150 minutes of vigorous physical activity per week predicts survival and successful ageing: a population-based 11-year longitudinal study of 12 201 older Australian men

Almeida, Osvaldo P., Khan, Karim M., Hankey, Graeme J., Yeap, Bu B., Golledge, Jonathan, and Flicker, Leon (2014) 150 minutes of vigorous physical activity per week predicts survival and successful ageing: a population-based 11-year longitudinal study of 12 201 older Australian men. British Journal of Sports Medicine, 48 (3). pp. 220-225.

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Abstract

Background: Physical activity has been associated with improved survival, but it is unclear whether this increase in longevity is accompanied by preserved mental and physical functioning, also known as healthy ageing.We designed this study to determine whether physical activity is associated with healthy ageing in later life.

Methods: We recruited a community-representative sample of 12 201 men aged 65–83 years and followed them for 10–13 years. We assessed physical activity at the beginning and the end of the follow-up period. Participants who reported 150 min or more of vigorous physical activity per week were considered physically active. We monitored survival during the follow-up period and, at study exit, assessed the mood, cognition and functional status of survivors. Healthy ageing was defined as being alive at the end of follow-up and having a Patient Health Questionnaire score <10, Telephone Interview for Cognitive Status score >27, and no major difficulty in any instrumental or basic activity of daily living. Cox regression and general linear models were used to estimate HR of death and risk ratio (RR) of healthy ageing. Analyses were adjusted for age, education, marital status, smoking, body mass index and history of hypertension, diabetes, coronary heart disease and stroke.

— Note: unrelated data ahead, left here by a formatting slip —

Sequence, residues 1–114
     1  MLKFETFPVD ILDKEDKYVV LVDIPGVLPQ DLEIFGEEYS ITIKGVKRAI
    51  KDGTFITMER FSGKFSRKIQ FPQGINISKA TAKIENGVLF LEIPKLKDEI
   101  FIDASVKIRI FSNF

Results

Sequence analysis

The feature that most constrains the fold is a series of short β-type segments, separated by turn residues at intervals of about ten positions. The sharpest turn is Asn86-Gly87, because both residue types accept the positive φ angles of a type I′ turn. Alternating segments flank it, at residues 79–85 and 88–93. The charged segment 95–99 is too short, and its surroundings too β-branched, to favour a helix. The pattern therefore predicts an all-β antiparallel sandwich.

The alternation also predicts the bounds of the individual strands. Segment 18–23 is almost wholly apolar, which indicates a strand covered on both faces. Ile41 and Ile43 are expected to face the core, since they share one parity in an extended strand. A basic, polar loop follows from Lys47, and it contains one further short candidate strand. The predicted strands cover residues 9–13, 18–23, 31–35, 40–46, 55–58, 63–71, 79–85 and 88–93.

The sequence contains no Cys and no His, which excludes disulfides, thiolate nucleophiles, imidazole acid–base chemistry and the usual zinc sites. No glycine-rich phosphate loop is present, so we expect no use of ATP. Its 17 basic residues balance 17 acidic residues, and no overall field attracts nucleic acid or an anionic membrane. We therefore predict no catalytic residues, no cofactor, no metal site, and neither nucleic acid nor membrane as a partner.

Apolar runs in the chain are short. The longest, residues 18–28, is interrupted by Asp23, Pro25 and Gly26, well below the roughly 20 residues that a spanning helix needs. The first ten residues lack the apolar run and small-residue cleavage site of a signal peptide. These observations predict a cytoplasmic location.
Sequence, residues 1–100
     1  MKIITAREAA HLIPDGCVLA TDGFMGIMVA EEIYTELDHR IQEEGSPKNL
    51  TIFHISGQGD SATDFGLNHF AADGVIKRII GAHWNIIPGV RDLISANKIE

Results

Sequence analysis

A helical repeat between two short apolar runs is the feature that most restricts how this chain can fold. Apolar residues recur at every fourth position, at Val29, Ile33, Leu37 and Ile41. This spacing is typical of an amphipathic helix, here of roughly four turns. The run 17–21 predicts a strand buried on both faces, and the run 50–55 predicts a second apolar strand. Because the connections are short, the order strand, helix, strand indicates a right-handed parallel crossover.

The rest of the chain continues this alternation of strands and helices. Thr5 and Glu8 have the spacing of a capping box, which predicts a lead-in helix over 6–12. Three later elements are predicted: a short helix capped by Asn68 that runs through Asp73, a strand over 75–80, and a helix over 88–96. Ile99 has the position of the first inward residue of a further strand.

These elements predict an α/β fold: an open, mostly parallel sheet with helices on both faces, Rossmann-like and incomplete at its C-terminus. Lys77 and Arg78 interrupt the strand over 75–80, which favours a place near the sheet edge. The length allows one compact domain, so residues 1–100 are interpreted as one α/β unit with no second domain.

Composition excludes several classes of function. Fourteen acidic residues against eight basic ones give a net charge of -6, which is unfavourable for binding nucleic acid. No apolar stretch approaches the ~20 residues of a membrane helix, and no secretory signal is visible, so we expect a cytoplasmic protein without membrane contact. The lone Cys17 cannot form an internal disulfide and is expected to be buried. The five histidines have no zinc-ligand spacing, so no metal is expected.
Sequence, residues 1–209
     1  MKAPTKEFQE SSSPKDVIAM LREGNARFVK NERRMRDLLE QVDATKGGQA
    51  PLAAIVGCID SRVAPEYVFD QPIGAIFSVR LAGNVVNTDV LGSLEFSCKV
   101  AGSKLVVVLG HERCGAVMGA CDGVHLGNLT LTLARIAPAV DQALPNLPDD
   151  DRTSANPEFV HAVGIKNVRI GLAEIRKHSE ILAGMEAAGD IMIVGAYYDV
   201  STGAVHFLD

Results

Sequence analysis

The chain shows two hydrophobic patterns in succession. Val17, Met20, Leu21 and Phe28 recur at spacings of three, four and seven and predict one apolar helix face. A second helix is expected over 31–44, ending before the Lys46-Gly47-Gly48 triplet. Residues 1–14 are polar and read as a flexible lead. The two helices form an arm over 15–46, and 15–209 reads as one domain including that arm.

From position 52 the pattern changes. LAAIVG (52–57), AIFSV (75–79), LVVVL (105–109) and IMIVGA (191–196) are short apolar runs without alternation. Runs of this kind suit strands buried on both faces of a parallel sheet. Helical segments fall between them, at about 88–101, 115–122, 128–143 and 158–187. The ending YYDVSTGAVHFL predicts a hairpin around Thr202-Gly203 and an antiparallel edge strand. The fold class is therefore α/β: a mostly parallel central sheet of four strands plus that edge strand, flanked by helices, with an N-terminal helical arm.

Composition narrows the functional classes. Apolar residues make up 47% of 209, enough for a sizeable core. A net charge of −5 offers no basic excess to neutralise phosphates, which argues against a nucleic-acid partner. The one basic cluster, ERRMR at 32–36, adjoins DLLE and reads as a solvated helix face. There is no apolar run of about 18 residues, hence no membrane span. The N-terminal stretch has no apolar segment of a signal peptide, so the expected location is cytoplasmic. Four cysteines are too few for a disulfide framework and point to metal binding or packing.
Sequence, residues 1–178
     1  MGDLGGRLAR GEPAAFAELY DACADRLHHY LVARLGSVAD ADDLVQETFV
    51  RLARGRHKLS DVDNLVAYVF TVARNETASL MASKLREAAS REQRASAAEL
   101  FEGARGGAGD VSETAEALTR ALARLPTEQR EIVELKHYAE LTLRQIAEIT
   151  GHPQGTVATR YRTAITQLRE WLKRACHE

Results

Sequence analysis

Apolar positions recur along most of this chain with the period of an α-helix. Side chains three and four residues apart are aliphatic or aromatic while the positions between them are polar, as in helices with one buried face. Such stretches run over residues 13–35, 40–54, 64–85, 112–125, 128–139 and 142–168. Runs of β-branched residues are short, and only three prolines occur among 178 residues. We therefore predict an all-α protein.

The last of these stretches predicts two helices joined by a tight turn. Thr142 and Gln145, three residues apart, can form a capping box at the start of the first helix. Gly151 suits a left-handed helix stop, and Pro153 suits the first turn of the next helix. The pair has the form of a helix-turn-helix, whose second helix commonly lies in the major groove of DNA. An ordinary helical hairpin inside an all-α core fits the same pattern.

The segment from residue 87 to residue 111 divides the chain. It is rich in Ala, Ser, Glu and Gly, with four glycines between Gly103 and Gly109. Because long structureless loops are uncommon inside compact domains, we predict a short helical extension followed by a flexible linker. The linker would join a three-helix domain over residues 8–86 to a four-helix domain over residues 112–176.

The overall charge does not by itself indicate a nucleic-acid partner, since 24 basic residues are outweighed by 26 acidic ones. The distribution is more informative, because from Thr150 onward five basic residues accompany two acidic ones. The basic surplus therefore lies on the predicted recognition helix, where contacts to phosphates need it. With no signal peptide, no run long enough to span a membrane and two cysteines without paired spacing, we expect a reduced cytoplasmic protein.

Results: Two thousand and fifty-eight (16.9%) participants were physically active at study entry. Active men had lower HR of death over 10–13 years than physically inactive men (HR=0.74, 95% CI=0.68 to 0.81). Among survivors, completion of the follow-up assessment was higher in the physically active than inactive group (risk ratio, RR=1.18, 95% CI=1.08 to 1.30). Physically active men had greater chance of fulfilling criteria for healthy ageing than inactive men (RR=1.35, 95% CI=1.19 to 1.53). Men who were physically active at the baseline and follow-up assessments had the highest chance of healthy ageing compared with inactive men (RR=1.59, 95% CI=1.36 to 1.86).

Conclusions: Sustained physical activity is associated with improved survival and healthy ageing in older men. Vigorous physical activity seems to promote healthy ageing and should be encouraged when safe and feasible.

Item ID: 31019
Item Type: Article (Research - C1)
ISSN: 1473-0480
Funders: National Health and Medical Research Council (NHMRC)
Projects and Grants: NHMRC Grant No. 279408, NHMRC Grant No. 379600, NHMRC Grant No. 403963, NHMRC Grant No. 513823, NHMRC Grant No. 634492
Date Deposited: 28 Jan 2014 23:13
FoR Codes: 11 MEDICAL AND HEALTH SCIENCES > 1102 Cardiovascular Medicine and Haematology > 110201 Cardiology (incl Cardiovascular Diseases) @ 100%
SEO Codes: 92 HEALTH > 9201 Clinical Health (Organs, Diseases and Abnormal Conditions) > 920103 Cardiovascular System and Diseases @ 100%
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